A charitable gift annuity (CGA), as the name implies, is both a tax-deductible gift and an income-producing annuity. It's a way to benefit a charity or non-profit organization whose work you support, while still supporting yourself and your kin. Choosing the best one involves selecting an institution with both laudable goals and financially acceptable terms.
Not to be confused with charitable trusts, a charitable gift annuity is basically a contract (like all annuities). In return for the irrevocable transfer of your gift of cash, marketable securities or other assets, the charitable organization agrees to pay you (or the annuitant) or your designated beneficiary a fixed amount of money for life.
Importantly, the annuity payments, which are partially tax-free, are backed by all of the charity’s assets and continue until your death and your beneficiary’s death, no matter how the investment of your gift performs.
Types of Charitable Gift Annuities
In general, there are three types of charitable gift annuities (though not every state allows all of them):
- Immediate gift annuity: Payment to the annuitant commences immediately following the presentation of the gift. The most common arrangement is quarterly payments, but they can be monthly, semi-annually, or annually.
- Deferred gift annuity (or deferred payment gift annuity): The annuitant begins receiving payments at a future date, chosen by the donor. Payments can be monthly, quarterly, semi-annually, or annually and must begin more than one year after the date of the contribution.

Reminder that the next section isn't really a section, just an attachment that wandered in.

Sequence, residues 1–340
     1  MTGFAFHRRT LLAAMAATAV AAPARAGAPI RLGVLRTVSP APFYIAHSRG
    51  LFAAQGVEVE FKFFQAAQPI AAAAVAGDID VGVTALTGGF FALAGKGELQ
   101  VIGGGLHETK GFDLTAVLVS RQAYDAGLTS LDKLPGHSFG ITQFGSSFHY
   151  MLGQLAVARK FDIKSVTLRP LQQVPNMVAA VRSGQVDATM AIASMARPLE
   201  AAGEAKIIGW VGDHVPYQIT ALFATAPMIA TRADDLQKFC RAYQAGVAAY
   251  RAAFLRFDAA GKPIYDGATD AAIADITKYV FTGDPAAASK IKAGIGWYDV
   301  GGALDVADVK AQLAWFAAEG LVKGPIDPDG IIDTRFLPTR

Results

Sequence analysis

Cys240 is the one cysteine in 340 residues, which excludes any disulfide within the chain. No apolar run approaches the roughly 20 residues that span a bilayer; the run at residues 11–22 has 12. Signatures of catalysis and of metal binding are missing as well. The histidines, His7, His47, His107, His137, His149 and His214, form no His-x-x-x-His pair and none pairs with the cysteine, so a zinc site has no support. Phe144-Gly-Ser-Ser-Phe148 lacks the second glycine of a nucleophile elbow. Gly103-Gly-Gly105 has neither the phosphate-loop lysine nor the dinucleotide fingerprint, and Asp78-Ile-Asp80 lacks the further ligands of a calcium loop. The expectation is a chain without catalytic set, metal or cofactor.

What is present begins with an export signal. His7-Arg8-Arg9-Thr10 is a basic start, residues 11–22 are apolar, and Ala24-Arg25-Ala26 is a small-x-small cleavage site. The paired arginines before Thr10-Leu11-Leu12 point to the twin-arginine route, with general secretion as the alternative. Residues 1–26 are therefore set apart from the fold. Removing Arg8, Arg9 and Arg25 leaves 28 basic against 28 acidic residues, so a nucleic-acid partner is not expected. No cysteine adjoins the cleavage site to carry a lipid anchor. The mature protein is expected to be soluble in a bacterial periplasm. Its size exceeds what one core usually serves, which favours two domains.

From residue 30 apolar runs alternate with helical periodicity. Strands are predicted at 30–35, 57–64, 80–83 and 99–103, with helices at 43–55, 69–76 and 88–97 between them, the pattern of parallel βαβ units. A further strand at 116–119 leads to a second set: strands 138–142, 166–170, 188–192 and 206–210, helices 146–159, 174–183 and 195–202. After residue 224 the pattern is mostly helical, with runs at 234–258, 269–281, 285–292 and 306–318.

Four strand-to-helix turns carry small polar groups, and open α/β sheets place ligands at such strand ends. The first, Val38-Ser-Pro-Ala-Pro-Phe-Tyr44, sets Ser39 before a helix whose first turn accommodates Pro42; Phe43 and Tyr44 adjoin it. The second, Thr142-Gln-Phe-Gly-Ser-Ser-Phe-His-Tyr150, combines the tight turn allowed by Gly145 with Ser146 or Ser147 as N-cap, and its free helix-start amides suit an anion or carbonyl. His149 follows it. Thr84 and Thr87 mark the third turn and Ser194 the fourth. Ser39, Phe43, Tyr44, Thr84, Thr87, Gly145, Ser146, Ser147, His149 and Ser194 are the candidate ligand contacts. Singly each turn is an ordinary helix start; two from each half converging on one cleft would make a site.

- Flexible gift annuity: The annuitant doesn't designate a starting date for the payments right away, opting instead to keep that open for some future time (when he or she retires, for example). Of course, the older the annuitant is when payments begin, the larger those payments will be.
Within the three types of charitable gift annuities, there are normally three payment options:
- Single life: paid to one person for his or her lifetime
- Two lives in succession: paid to one person and then to a second person if that person outlives the first
- Joint and survivor: which consists of equal amounts paid to two people simultaneously until one dies; the combined amount is then paid to the survivor
Choosing a Charity
The American Council on Gift Annuities (ACGA) estimates that at least 4,000 charitable organizations offer gift annuities. Knowing and understanding ACGA’s recommended best practices provides a great starting point for your evaluation of prospective charities.
The ACGA recommends that charities do the following:
- Meet state regulations. This includes providing a disclosure statement to prospective donors before an annuity is established and complying with all state reporting requirements.
- Specify assets that will be accepted. While cash and appreciated securities are the most common gifts, some charities also accept real estate, tangible personal property and other types of property interests.